Headlights Dim When the Music Plays
What to do to give your car's electrical system a power-up
Your headlights dim when the stereo pulls too much power out of your car's electrical system. This usually happens only in large, multiple-kilowatt sound systems. But sometimes even modestly powered systems can stress your car's electronics, especially during a sub amp's burst of energy when it produces the sound of the beat. Every part of the electrical system suffers because of the amp's sudden demand on the limited supply of power, even the amplifier itself. Your eyes are just more sensitive to the change than your ears, and you notice your headlights dimming along with the beat.
There are a few actions you can take to solve this problem. There are also some strong and differing opinions about the order in which you should do them, or even their individual usefulness. The following is my contribution to the argument.
Check all power and ground connections, and the battery itself
|StreetWires Power Station capacitor|
The first thing you should do is make sure all the surfaces used in power and ground connections are scraped down to bare metal, clean, and all the connectors fastened tightly. If that doesn't do it, take your car and have its battery load-tested at an auto parts or battery store. They'll often do it for free and can recommend the proper replacement if they find your old battery has problems. Car batteries rarely live to be four years old, so don't think you're being ripped off when they tell you your old battery isn't holding its charge. A weak battery can often have enough juice to start your car but not be able to handle the quick jolt of demand when your sub amp hits.
Adding a capacitor to your system does not increase your system's power capacity. But if your lights dim only occasionally, and only on the loud drum beats, then a capacitor may just be the cure. A capacitor smoothes out the power demands by providing a short burst of energy when needed. I recommend 2 farads of capacitor for every 1,000 watts RMS of total amplifier power. That's more than the usual recommended dose, but it should ensure a quicker recovery time for the cap to be ready for the next thump.
|Kicker 4-gauge power wire|
The Big Three wiring upgrade
A good, cost-effective improvement is to perform the "Big Three" electrical upgrade. This will vastly improve your vehicle's electrical system, allowing more current to flow easier to all components. This upgrade replaces or augments three key cables in the electrical system with 1/0 or 4 gauge wires: the battery ground to chassis wire, the chassis to engine block wire, and the alternator plus to battery plus wire. This increases your electrical system's current flow capability, ensuring a more consistent voltage under varying demand conditions.
An unfortunate possible side effect of doing the Big Three is that occasionally it only makes your lights dim even worse. This happens because the amplifier is now able to suck juice better from the system through the bigger straw (the new cables).
High output alternator
The alternator is the ultimate source for all of your vehicle's power when it's running. The battery starts the engine, but the alternator takes over when the motor starts to turn. If your sound system demands more power than your stock alternator can supply, then you will benefit by upgrading to a higher output alternator. Replacing your stock alternator with an "HO alt" may seem like an expensive solution, but if you've invested in a sound system that draws this much power, you shouldn't mind solving this problem of supply and demand by increasing the supply of power.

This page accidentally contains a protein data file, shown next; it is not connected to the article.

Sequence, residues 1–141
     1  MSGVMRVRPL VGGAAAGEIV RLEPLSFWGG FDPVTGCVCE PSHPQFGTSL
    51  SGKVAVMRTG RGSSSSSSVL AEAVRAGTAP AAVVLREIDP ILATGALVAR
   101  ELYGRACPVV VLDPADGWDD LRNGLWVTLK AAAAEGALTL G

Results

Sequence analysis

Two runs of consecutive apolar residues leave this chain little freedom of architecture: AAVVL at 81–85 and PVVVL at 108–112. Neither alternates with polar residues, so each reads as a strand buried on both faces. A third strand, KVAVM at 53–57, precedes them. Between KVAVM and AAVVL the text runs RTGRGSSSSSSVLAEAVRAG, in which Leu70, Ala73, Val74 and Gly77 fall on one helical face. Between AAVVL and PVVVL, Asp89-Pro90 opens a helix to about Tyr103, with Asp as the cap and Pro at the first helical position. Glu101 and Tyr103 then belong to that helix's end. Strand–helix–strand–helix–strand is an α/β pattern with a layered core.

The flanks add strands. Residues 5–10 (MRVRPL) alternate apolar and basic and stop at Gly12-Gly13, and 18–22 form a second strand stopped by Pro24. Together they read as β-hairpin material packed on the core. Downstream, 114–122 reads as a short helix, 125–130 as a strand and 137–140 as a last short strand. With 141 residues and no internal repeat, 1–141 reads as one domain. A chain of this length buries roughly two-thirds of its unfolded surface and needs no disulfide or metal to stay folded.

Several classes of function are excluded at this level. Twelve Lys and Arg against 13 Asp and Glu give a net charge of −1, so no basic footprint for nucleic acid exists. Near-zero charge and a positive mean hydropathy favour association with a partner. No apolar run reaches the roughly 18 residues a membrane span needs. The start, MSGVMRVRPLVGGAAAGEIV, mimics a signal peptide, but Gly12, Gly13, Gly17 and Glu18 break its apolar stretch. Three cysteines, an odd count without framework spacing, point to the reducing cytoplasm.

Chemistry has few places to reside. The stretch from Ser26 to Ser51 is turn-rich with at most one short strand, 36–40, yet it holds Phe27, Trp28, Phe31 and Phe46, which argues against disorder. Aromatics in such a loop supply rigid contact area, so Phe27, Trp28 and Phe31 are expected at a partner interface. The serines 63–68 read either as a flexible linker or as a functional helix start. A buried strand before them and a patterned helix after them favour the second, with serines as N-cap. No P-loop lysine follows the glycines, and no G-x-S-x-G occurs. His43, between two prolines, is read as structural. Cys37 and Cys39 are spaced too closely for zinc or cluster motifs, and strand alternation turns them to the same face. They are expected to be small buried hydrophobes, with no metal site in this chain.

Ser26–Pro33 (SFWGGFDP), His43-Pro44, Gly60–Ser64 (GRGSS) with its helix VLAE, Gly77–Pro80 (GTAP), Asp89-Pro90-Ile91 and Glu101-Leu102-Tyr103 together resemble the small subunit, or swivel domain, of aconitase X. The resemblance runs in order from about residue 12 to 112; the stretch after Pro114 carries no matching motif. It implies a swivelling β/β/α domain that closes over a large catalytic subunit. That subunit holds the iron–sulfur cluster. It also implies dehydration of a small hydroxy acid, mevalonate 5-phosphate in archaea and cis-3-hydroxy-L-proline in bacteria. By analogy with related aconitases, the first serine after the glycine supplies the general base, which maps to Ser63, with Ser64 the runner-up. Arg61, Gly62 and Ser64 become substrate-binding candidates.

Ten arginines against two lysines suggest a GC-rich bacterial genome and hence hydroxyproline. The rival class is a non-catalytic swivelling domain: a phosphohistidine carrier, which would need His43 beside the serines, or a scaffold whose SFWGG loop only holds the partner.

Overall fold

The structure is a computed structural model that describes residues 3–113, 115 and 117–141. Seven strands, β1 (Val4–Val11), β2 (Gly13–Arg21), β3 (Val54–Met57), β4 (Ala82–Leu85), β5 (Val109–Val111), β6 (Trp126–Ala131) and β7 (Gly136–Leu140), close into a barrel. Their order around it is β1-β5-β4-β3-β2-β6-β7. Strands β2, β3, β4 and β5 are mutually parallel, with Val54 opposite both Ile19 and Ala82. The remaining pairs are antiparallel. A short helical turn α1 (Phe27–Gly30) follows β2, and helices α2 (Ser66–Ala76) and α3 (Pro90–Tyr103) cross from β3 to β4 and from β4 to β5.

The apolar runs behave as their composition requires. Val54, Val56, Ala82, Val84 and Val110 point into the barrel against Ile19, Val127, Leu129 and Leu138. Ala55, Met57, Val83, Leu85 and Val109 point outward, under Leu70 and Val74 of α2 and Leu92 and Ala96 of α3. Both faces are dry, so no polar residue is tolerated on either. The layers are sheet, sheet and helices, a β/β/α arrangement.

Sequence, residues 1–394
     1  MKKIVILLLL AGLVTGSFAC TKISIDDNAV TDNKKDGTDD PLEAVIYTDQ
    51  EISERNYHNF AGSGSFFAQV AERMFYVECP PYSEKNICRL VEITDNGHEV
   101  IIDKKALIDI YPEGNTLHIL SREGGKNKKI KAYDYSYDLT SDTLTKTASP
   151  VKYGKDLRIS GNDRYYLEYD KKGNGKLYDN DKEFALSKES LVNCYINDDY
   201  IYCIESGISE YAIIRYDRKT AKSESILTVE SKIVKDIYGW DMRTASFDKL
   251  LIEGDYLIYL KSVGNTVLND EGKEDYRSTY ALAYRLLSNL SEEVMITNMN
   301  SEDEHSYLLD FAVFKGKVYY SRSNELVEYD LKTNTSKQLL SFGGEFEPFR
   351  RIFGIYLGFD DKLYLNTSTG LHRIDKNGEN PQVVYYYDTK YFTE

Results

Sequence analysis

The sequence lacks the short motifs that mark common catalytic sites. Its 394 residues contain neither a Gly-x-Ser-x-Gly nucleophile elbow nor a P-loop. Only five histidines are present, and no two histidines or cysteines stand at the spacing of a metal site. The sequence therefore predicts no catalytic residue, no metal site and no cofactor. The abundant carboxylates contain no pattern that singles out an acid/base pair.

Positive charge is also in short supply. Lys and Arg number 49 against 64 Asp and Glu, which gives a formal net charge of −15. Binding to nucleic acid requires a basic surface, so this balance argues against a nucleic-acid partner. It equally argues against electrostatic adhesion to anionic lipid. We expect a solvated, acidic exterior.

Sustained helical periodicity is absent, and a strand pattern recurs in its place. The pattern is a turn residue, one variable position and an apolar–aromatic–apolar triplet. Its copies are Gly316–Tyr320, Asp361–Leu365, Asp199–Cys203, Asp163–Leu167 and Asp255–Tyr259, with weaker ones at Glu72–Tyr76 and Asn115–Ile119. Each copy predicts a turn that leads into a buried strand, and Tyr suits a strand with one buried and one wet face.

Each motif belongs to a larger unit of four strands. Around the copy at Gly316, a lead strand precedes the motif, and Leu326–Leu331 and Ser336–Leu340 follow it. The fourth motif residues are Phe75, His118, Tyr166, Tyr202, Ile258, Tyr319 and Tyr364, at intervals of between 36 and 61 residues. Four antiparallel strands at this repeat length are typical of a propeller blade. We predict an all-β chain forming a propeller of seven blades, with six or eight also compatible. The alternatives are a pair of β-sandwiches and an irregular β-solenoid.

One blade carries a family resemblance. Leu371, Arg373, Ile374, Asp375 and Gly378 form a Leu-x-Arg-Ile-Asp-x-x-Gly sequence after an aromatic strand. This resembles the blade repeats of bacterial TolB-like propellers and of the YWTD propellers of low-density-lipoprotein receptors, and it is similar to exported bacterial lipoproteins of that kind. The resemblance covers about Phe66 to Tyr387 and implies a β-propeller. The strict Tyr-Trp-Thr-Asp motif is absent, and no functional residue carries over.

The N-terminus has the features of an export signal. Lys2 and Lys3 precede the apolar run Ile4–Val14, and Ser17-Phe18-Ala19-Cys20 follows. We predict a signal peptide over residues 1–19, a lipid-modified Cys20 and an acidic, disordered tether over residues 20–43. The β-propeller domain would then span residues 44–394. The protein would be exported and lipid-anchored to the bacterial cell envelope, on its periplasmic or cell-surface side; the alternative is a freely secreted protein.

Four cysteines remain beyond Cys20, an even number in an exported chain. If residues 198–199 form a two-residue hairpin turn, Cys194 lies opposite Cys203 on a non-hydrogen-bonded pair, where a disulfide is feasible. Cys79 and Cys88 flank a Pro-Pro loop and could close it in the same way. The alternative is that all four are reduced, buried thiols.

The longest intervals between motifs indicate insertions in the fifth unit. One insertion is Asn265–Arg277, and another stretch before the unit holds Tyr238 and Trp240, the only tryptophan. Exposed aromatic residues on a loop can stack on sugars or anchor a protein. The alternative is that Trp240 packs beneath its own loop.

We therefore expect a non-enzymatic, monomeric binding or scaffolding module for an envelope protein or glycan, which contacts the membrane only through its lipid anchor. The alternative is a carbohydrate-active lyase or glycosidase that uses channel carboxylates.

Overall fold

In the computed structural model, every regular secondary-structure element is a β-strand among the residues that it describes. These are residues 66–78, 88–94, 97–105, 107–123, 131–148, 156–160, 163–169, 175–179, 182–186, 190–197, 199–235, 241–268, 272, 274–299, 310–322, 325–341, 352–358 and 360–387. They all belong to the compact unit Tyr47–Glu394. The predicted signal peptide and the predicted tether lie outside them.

For example: producing a 1500 watt output requires about 217 amperes of current from your car's system. It's actually about a third of that for music, which doesn't put out full power all the time — but it's still a lot of current. Most stock alternators are in the 80-120 ampere range and can only supply about 40% to 50% of that for non-automotive uses like amplifiers. A 250 or 300 ampere aftermarket high output alternator should provide enough power for all your car's systems and your high-powered stereo too. Keeping that in mind, calculating the required output size of a high output alternator is not easy and should only be done while consulting with the new alternator's vendor or installer.
|XS Power car batteries|
Adding a second battery
Another method is to add a second battery, often back near the amplifier. This, in effect, provides another source of power available to fill in the gaps when the system needs it. When the power is asked for, it comes from the batteries. Two batteries wired in parallel act like one battery with twice the capacity.
A second battery becomes almost necessary if you play your music a lot with the engine turned off. Some people use isolators between their batteries, so that the one used to start the car won't get drained by the amp's pull. And it's a good idea to only hook up two batteries of equal strength and age. The stress of two different strength batteries constantly cycling charge between themselves to equalize the voltage leads to a shortened life for both batteries.
Note: Working with a car's electrical system can be dangerous. Tools and jewelry can be welded by the inadvertent discharge of a battery or capacitor. Sparks could fly, igniting flammable gases. Batteries have been known to explode when overstressed. (I know it for a fact: I witnessed a friend's battery exploding and setting his Lincoln on fire.) If you're inexperienced or don't feel comfortable working with high-current devices, then hire a professional to do these upgrades and installations.
And please, don't let anyone talk you into doing any of these procedures unless you are experiencing bothersome headlight dimming.